I rode my bike to work all summer. It's about a fifteen mile round-trip, so it's not a trivial thing. I was injured recently and haven't riden much in the last month, but I do intend to ride to work all winter and next year, too.
So what's this got to do with anything?
Simple solutions only work when they change basic assumptions.
One of the basic assumptions that permeates American culture is that everyone needs a car. This is in fact wrong. People who spend greater than %95 of the year within a 10 mile radius of home do not need a car, and that's true of most people who live in big cities.
Cars have also created the need for cars. It's a calculatable fact that if you add up the space occupied by all of the cars in the United States and divide it into the area of all of the paved roads and parking lots in the United States, the quotient is somewhere around ten (I forget what the exact figure was, but it doesn't really matter because it flucuates with the paving of roads and the production of cars). It's also a calculatable fact that about %40 of any given munipality's land area is paved public ways and parking space for cars. The result of relying on cars is that our cities spread outward -- urban sprawl -- and as they do so, it becomes more vital for a person to own a car because the distances involved in getting anywhere are that much greater. The simple solution is to live in a location where everything you need is near enough that you only need to use a car occassionally. The less you actually use your car, the more that ratio of paved space to occupied space can shrink, and therefore our cities need not devote so much space to cars. Over time, the metropolitan area itself will shrink making it easier for people to drive less and less as the distances they have to travel become less and less. This of course assumes that people can shake the belief that they absolutely must own a car, which I know is not true for a vast, vast number of people in the United States.
But, suppose it happens. With less driving, that means less time spent commuting (more time for, for instance, raising a family), more exercise if you walk or ride a bike instead, less emissions into the environment, less public spending on pavement (in other words, more for something else, or possibly less taxes), and, in keeping with the subtopic at hand, less dependence on any source of oil, including Middle Eastern oil.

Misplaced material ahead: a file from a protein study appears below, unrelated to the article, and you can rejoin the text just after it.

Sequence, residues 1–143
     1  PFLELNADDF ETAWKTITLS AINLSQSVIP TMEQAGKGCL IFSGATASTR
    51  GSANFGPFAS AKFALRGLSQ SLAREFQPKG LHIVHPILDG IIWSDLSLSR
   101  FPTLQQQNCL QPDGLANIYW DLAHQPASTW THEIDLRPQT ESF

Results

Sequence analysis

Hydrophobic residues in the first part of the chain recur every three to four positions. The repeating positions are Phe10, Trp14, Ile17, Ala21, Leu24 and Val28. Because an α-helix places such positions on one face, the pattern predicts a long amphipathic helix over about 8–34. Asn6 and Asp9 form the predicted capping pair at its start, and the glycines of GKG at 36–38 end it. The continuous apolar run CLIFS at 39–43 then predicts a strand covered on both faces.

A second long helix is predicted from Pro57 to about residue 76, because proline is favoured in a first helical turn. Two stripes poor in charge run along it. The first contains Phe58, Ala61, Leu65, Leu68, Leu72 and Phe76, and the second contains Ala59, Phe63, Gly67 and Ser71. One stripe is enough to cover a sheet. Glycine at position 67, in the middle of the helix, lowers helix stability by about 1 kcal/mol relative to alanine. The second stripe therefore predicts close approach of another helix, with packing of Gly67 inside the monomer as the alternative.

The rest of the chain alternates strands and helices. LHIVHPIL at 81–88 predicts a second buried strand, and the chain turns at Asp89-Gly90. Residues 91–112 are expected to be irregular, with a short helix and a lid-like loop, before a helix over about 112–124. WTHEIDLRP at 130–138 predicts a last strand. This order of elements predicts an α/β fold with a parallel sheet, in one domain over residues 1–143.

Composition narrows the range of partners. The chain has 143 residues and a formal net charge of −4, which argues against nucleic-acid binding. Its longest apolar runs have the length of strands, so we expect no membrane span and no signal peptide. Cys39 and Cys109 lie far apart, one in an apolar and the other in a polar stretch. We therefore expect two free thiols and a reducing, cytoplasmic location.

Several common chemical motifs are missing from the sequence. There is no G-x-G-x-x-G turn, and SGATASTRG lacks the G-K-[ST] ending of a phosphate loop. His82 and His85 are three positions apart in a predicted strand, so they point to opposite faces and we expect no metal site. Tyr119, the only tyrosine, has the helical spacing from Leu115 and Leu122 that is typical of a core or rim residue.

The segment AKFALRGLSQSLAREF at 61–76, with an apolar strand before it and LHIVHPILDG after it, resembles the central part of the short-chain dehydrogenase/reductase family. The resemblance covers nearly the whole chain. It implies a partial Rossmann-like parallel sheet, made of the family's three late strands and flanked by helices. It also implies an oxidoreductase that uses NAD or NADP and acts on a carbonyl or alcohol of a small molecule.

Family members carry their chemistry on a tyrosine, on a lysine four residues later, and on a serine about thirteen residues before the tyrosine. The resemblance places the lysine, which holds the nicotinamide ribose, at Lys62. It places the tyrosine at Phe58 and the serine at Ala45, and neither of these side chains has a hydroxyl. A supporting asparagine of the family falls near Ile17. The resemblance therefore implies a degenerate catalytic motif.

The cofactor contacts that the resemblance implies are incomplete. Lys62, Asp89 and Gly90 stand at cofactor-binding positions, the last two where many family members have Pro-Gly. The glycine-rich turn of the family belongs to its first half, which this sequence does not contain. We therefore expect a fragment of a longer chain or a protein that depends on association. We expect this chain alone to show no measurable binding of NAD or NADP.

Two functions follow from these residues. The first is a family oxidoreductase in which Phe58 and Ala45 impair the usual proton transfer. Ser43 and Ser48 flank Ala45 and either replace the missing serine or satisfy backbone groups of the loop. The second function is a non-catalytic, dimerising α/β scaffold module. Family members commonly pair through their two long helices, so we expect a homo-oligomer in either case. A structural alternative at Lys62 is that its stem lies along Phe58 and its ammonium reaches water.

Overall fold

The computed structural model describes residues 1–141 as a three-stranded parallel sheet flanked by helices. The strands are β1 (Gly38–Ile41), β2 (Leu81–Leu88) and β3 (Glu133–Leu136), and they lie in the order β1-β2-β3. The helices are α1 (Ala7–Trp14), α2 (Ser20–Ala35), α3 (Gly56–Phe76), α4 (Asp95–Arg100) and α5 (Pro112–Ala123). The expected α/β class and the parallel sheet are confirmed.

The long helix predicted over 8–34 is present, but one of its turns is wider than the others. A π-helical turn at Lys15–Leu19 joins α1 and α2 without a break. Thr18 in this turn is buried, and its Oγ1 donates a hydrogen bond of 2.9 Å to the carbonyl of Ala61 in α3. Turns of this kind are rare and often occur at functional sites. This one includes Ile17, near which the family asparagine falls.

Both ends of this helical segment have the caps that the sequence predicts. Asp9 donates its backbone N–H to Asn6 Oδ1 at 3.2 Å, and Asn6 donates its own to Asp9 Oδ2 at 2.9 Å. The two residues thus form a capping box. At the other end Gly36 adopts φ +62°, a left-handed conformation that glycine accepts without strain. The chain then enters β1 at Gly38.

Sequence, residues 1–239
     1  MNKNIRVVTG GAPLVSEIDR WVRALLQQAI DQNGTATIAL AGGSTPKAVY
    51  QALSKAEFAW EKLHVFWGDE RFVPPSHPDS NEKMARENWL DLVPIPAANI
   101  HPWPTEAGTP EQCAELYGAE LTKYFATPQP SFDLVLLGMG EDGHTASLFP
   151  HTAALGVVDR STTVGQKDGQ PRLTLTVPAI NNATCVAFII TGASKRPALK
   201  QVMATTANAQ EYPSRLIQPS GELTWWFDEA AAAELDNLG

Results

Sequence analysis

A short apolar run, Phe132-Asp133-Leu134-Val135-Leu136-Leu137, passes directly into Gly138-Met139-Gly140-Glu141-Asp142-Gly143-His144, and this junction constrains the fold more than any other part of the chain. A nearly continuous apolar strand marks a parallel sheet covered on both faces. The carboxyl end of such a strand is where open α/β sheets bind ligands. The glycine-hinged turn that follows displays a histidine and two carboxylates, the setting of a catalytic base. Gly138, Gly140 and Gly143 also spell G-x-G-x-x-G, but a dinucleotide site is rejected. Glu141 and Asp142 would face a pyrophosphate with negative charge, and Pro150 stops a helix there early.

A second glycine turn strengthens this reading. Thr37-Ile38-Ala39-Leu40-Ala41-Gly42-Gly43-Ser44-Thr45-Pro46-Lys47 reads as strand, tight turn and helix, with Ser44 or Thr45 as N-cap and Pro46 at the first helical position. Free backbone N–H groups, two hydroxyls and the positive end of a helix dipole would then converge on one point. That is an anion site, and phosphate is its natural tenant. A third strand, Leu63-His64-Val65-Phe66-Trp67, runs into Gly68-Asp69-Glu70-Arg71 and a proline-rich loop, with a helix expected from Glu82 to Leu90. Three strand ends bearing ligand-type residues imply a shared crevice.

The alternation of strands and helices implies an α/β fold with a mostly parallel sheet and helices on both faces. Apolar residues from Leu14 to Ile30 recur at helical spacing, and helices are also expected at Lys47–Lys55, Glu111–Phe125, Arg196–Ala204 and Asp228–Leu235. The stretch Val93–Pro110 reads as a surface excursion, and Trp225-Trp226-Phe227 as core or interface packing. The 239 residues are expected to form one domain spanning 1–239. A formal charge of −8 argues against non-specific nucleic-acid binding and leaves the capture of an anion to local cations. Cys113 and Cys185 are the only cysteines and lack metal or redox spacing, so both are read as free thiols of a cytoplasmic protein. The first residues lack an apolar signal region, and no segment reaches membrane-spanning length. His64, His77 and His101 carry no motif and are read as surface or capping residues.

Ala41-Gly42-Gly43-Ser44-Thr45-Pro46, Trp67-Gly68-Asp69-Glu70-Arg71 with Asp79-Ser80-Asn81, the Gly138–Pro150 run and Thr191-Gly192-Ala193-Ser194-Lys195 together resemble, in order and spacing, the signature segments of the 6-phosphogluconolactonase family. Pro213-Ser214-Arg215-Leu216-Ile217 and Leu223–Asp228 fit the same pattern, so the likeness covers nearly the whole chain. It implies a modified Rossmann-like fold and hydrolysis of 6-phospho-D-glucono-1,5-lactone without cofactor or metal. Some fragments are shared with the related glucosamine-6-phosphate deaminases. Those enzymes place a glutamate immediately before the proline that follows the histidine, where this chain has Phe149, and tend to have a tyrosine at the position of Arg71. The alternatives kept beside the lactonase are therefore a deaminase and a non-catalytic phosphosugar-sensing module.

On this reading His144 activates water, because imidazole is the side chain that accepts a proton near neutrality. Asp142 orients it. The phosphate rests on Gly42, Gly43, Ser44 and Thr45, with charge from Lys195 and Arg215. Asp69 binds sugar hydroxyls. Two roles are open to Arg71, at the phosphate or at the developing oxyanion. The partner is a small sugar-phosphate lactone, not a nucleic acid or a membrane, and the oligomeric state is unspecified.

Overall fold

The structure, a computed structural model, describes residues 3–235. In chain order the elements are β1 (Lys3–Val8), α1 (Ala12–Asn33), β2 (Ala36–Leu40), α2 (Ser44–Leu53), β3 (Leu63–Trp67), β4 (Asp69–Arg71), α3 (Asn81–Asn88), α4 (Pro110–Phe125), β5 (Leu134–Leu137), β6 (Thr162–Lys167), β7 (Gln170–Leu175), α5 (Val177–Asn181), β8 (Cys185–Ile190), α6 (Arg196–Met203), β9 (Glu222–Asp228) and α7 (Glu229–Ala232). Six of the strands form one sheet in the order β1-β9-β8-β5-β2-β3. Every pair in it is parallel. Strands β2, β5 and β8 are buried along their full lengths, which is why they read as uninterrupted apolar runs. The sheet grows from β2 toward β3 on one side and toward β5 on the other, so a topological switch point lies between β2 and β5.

Our dependence on oil does not truly exist. It is a function of choices that we do not have to make, but are compelled to make by the society we live in. I have chosen to ride a bike to get where I need to go. In part, that decision was based on a desire to reduce my personal dependence on oil (I do however, still use things made of plastic and occassionally ride the bus).
There is no denying that the United States government has taken steps to ensure that the West can get oil from the Middle East, and we can argue till the day we die whether those actions are good or bad or any shade of gray in a 1950's era rainbow. Whether they are in fact good, or are in fact bad doesn't matter. What matters is that regardless of what the United States does, it's going to piss off someone in the Middle East. Since democratic governments are in short supply in that particular region, that person, or more likely that group, won't have any means to express their grievances except through terrorism.
I couldn't possibly state it quite so eloquently, so here is a quote by Scott Frank (I have no idea who this is, but he's eloquent): "We can kill everyone involved in plotting this tragedy, but as long as we maintain our dependence on oil and the corresponding foreign policy, others will take their place."
So even though the Bush administration would prefer that we spend more, use more, and consume more, I urge you to actually think about whether or not that's a good idea for each resource that you use. I hope I have made the case in favor of actually using less oil, however you choose to do it.
i heard someone suggest that we should help the US, just like they helped us in WWII. By waiting three years, then going over there, flashing our money around, shagging all the women and acting like we owned the place. --Seen in #tron
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